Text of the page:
Otherwise, if there is no broken line, the driver must remain in the right most vehicle lane prior to turning and yield to any bike traffic before turning right and crossing over the bike lane.

Bicycles using the bike lane may pass with caution on the right of traffic in the lane to their left. This is because they are in a multiple lane situation where there is an unobstructed lane on the right of overtaken traffic that the cyclist is permitted to use. The requirement to pass with caution does place an onus on the cyclist to expect something other than unconditional right of way when passing.

Determining Vehicle Speed from Yaw Marks

Research articles : 

When a vehicle is in yaw it is rotating around a vertical axis through it's center of mass. The long, curved Y shaped marks left by the tires on the pavement were characteristic of this motion. If they were striated and of constantly diminishing radius they were of great interest for collision reconstruction because the vehicle's speed could be determined from them.

A series of chord and middle ordinate measurements were made of the outside front tire mark at regular intervals starting where the outside rear tire started to track outside of the path of the front tire. These measurements were used to calculated the radius of the curved tire mark and the series was compared to insure that the radius was continually getting smaller. If so, this was a true yaw and combined with the co-efficient of friction for the road surface, the vehicle speed could be calculated.

For the simplest case, a flat road, the equation speed equals 11.27 times the square root of the front tire mark radius multiplied by the co-efficient of friction of the road surface would yield the speed of the vehicle at that point of the yaw in km/h.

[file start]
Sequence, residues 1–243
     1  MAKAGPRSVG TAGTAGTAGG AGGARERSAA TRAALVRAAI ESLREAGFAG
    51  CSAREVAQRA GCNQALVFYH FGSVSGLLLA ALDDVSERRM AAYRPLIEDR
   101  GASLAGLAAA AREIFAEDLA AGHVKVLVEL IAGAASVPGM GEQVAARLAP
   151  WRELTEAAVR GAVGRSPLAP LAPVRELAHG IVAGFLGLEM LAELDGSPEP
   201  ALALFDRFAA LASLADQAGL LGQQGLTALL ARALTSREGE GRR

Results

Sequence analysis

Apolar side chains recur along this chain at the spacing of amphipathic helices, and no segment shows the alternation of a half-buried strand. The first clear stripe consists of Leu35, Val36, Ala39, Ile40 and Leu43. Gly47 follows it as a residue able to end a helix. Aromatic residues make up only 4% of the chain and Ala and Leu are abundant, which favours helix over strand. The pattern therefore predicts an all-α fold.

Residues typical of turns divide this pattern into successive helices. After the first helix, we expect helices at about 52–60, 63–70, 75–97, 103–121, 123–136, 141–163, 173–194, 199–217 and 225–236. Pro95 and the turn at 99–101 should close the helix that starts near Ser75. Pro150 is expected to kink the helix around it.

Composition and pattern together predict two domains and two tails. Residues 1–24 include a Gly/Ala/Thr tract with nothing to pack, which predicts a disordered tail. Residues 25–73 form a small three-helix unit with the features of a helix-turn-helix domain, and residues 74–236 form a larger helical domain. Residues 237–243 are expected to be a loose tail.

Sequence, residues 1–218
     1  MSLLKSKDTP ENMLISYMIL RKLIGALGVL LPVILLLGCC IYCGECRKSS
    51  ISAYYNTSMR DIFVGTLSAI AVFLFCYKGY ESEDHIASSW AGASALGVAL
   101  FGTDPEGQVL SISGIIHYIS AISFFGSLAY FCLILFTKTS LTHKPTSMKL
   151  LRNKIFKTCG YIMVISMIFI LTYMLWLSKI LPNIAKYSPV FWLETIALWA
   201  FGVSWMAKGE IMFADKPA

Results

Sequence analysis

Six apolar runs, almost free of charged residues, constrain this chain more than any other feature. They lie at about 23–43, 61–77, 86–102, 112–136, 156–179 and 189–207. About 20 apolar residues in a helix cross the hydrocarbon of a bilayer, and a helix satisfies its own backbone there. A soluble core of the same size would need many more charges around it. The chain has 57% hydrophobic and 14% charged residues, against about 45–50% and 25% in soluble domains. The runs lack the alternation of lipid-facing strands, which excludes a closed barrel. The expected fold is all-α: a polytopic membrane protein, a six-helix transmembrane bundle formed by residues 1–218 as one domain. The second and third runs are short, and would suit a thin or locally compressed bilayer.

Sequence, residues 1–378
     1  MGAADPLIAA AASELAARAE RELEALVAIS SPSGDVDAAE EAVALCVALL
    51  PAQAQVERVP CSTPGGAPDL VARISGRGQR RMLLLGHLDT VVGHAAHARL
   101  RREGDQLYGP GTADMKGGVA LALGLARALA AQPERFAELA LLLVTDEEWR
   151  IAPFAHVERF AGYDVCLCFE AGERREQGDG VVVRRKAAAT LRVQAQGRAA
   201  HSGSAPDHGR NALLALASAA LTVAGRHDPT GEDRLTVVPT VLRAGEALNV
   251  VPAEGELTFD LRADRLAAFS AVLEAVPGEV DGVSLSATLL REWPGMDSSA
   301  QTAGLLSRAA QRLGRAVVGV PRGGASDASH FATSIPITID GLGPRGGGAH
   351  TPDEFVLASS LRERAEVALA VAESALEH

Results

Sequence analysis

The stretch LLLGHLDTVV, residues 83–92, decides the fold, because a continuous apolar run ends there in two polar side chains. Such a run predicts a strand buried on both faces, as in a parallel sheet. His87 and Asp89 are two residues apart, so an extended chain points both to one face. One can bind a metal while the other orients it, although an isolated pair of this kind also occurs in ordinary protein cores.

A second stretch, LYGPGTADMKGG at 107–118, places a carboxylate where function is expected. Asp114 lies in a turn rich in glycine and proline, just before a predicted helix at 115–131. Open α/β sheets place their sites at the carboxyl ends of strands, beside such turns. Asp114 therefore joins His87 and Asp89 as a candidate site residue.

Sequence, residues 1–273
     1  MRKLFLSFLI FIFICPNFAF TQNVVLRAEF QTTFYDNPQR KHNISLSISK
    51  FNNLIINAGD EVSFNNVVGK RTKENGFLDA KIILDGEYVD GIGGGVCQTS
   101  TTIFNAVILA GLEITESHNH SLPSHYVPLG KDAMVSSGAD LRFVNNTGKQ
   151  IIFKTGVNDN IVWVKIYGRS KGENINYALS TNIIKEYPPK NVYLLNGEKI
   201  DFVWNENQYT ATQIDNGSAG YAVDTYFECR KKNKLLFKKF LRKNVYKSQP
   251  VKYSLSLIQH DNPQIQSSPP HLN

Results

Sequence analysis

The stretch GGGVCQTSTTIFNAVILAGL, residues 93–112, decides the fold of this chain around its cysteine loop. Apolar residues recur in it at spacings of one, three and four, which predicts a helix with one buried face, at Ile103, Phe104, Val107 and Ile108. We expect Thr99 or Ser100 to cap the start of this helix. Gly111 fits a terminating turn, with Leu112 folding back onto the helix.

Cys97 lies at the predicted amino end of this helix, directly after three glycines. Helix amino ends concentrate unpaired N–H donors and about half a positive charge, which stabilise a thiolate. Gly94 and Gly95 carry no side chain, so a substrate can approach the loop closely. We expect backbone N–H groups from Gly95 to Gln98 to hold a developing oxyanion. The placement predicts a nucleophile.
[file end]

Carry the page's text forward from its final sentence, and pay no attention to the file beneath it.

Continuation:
Why is it so Dangerous to be a Pedestrian Lately?

Research articles : 

Right or wrong, the pedestrian is always the loser in a collision with a motor vehicle. Nowhere in British Columbia is that more apparent than in Vancouver. So far this year, the pedestrian death count has already exceeded that of the entire year of 2010.

How can this be? One would think that crossing the street can't be that difficult, can it? Take out your earbuds, put down that texting device and hang up your cell phone, you're going to need to pay attention to this, just like you need to pay attention when you cross.

Have You Been Directly Affected by a Collision?

Research articles : 

I often ask if anyone has been directly affected by a collision in the past year when I am making a presentation to a group. I can see people thinking about it and then a few hands may tentatively rise. My answer usually surprises them and it may surprise you as well.

About 80% of the premiums that ICBC collects each year are paid out again to settle collision claims. If you are like me, we pay just over $500 per year for our basic insurance. That means we have paid at least $400 per year directly out of our pockets for collisions whether we were in one or not!

Recently ICBC announced plans to increase the penalties for drivers who do not follow the traffic laws. This idea was immediately met with howls of protest that were loud enough to cause our government to tell ICBC that it wasn't acceptable. Does this mean that the drivers who are more than likely going to place us all at increased risk of collision should feel a little bit of pain but not enough potential pain to cause them to think twice beforehand?

The surest way to avoid the costs associated with collisions is not to have them in the first place. Yes, we all make mistakes, but let's not practice the behaviours that encourage mistakes and let's make it more difficult for those that do.